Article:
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  • Ian Wells

People of faith - no need for us to sleep walk into a climate crisis

Updated: Mar 18









Here are some ideas for discussion groups in your church about climate change.


Addressing the climate crisis is provably the biggest challenge in human history, because the effect is global, irreversible, on a timeline, and really really hard. Any "solution" is so different than any other problem our species has overcome. Solving this crisis requires more than science, more than politics, more than faith alone.


But our faith does provide ways of getting started and contributing. Living a life of faith is a way many of us aspire us to live better. Live better means contributing everything we have to future generations and disadvantaged people everywhere, who will be impacted by the climate crisis. Science and faith coexist.


So here is a list of discussion points. I am a Christian so this list is based on my experience but I would hope could be applied to any religion.





These are topics that people of faith could use to seed discussions about climate crisis.



  1. Look for lessons from history and start creating new narratives. Although humans have never encountered such a massive problem as climate crisis, there are lessons from history how Christians and others approached similar issues ( abolution of slavery, peaceful end to cold war) that can help us create a much needed narrative for today.

  2. Jesus told parables to help see the new way forward. Write down new parables and narratives for today's situation.

  3. Jesus was born into a world with completely different values than he brought. Today we are in a world that requires different environmental values than our current economic and energy system relies on. Discuss how Jesus approached arriving in a world with different values, and what we can learn from his approach as we come to grips with the reality of the values of the climate/environmental crises.

  4. Christian faith aspires us to be better people and we aspire to apply Christian values such as forgiveness and do onto others as you would have them do unto you. How can we as Christians apply our understanding and experience to others addressing climate problems? I recommend A good reference is christian ( and canadian! Katherine Hayhoe

  5. The climate crisis can be depressing to hold onto, once you understand from science what is happening to the planet. Depression can lead to non-action which is one way to guarantee that the problems will not be solve. Start learning how our human brains work and why our feelings for this particular problem are influenced by the biology of our brains. Two good references, Thinking fast and thinking slow and Why our brains are wired to ignore climate change Both references are helpful in gaining perspective on our current situation.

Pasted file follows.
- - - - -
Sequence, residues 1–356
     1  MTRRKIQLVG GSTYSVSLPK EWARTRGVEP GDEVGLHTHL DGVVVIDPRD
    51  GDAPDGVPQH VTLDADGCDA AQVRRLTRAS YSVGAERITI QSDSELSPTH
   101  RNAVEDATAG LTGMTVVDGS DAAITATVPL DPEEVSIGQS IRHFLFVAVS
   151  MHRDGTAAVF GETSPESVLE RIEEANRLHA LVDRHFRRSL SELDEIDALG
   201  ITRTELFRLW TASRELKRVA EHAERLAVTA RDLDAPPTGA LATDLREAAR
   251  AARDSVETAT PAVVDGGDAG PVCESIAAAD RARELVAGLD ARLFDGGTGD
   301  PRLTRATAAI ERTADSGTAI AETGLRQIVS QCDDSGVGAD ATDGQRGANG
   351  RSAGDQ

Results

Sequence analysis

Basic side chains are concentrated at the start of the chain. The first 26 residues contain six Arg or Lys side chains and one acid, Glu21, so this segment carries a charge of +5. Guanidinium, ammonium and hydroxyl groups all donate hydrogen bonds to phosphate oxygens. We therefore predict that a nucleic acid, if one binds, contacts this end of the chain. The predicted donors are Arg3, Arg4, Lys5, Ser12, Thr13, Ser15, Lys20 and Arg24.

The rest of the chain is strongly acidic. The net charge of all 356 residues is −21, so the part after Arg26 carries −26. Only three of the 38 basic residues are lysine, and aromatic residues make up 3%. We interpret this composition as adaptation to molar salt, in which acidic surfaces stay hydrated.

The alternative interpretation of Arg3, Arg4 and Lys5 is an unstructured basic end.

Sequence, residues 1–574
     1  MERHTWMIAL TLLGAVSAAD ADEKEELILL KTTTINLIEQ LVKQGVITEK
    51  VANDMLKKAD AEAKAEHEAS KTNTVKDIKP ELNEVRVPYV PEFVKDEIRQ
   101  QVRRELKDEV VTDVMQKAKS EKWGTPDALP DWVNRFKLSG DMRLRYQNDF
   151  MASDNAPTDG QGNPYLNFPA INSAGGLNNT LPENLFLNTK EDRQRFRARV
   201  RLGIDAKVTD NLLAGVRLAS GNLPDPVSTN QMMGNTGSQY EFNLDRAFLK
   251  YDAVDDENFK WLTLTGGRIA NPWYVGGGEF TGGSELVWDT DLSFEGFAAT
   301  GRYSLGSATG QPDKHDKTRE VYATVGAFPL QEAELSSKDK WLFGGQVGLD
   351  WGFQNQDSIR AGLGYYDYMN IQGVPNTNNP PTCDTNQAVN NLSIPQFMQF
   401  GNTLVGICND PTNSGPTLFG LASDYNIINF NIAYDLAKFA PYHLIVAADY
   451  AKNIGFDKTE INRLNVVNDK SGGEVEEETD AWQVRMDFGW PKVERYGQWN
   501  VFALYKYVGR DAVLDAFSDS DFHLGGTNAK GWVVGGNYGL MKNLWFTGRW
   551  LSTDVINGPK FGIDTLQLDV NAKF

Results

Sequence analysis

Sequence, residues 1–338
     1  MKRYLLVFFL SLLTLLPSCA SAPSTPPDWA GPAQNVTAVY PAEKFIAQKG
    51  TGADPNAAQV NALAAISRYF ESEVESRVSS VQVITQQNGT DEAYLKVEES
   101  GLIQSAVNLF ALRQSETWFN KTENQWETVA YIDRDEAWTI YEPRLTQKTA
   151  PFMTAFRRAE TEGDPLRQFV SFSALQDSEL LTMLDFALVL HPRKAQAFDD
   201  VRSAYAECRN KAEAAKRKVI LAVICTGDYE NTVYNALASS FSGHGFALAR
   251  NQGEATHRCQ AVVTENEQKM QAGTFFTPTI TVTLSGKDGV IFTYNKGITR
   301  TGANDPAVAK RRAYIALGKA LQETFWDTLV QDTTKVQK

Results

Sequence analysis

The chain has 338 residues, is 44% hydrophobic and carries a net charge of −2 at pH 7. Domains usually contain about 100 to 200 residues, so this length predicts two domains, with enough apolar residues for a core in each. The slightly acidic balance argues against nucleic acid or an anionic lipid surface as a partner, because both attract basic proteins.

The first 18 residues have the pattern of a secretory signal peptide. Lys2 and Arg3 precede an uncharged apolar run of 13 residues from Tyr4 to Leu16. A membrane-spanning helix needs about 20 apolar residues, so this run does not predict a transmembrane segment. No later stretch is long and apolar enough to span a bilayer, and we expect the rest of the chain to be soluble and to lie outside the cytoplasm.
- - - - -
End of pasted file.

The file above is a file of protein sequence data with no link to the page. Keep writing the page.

6. Discuss how to transition to a sustainable economy and world. Create models for a sustainable and JUST world. This podcast is a great starting point for a discussion How as Christians can we support a JUST transition? What do we do now so the people hit hardest are included (for example, our miners, our farmers)

  7. Hope - how do provide hope for us all as we confront the reality of the data from our scientists and computers? How do we support each other so we do not give up in despair or just ignore this, when it is so essential to act?  How have others done this? What does Jesus teach us in such a situation? 

  8. Faith and tech and science and caring and power. What is the role, opportunities and dangers of each as we build this sustainable future?

  9. Big History.  What has been helpful to me understanding where we are is learning the big history of humans. Reeducating myself on the big history, instead of my High School, history was critical to me understanding where we stand in history at this point of time and what needs to be done. References: Big history project.  End of the world with Josh Clark Food for thought. 

  10. Climate crisis and the arts and faith. What hymns, songs, art work, help us transcend the words of climate change? Here are some examples.

  11. Practical first steps anyone can take to start our personal transitional to a sustainable future. Easiest and cheapest for those living in a democracy is to vote - vote for politicians who understand and are willing to act on climate issues now. another obvious and practical step is to replace as many car trips as possible with bicycling. Cycling has many follow on and substantial Christian Related effects such as improved health, decreased obesity, decreased congestion and less  tax spending on roads, increased chances to connect with strangers, more chances to notice environment, more contemplative time to yourself, saving money, reduced carbon emissions, reduced pollution p, etc

  12. With such an uncertain future, how do parents direct our kids education and christian skills to prepare for a sustainable, changing future?  Suggestions are peace making, non-violent conflict resolution, systems thinking, information processing, critical thinking, ethical living, caring for others.

  13. Many religions in the world have the concept of caring for our  planet. What can we learn From other faiths and how can e we cooperate with people of other faiths on environment? 

  14. Study the Popes encyclical caring for God's creation. We studied this in our home group several years ago and it opened our eyes to how caring for our planetary home is a Christian ideal.

  15. Whereas number 11 deals with personal actions, personal actions alone are not sufficient for the changes required to stop carbon buildup. Discuss actions your wider church can take to impact systematic changes, such as economy, consumerism, capitalism, and jobs 

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